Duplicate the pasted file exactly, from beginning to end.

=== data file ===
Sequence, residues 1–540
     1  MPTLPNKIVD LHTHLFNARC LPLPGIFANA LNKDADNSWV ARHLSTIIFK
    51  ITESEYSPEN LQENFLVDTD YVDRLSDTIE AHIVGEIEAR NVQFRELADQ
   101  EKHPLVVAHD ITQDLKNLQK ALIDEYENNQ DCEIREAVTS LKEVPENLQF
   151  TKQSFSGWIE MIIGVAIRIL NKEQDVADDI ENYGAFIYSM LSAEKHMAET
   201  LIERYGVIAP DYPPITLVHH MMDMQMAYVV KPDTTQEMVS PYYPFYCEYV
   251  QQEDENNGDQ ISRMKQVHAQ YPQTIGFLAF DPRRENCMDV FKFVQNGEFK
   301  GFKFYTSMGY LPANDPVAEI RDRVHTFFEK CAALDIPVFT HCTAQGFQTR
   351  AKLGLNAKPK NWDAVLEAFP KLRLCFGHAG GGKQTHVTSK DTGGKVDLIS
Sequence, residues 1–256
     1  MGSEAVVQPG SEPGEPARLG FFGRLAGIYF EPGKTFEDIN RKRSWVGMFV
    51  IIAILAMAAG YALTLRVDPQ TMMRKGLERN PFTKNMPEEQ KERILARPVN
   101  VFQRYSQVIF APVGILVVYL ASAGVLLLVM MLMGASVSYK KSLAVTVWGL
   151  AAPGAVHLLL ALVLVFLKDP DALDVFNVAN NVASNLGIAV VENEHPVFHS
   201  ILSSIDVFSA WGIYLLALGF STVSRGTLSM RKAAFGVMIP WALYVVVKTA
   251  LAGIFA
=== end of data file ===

Sequence, residues 1–540
     1  MPTLPNKIVD LHTHLFNARC LPLPGIFANA LNKDADNSWV ARHLSTIIFK
    51  ITESEYSPEN LQENFLVDTD YVDRLSDTIE AHIVGEIEAR NVQFRELADQ
   101  EKHPLVVAHD ITQDLKNLQK ALIDEYENNQ DCEIREAVTS LKEVPENLQF
   151  TKQSFSGWIE MIIGVAIRIL NKEQDVADDI ENYGAFIYSM LSAEKHMAET
   201  LIERYGVIAP DYPPITLVHH MMDMQMAYVV KPDTTQEMVS PYYPFYCEYV
   251  QQEDENNGDQ ISRMKQVHAQ YPQTIGFLAF DPRRENCMDV FKFVQNGEFK
   301  GFKFYTSMGY LPANDPVAEI RDRVHTFFEK CAALDIPVFT HCTAQGFQTR
   351  AKLGLNAKPK NWDAVLEAFP KLRLCFGHAG GGKQTHVTSK DTGGKVDLIS
Sequence, residues 1–256
     1  MGSEAVVQPG SEPGEPARLG FFGRLAGIYF EPGKTFEDIN RKRSWVGMFV
    51  IIAILAMAAG YALTLRVDPQ TMMRKGLERN PFTKNMPEEQ KERILARPVN
   101  VFQRYSQVIF APVGILVVYL ASAGVLLLVM MLMGASVSYK KSLAVTVWGL
   151  AAPGAVHLLL ALVLVFLKDP DALDVFNVAN NVASNLGIAV VENEHPVFHS
   201  ILSSIDVFSA WGIYLLALGF STVSRGTLSM RKAAFGVMIP WALYVVVKTA
   251  LAGIFA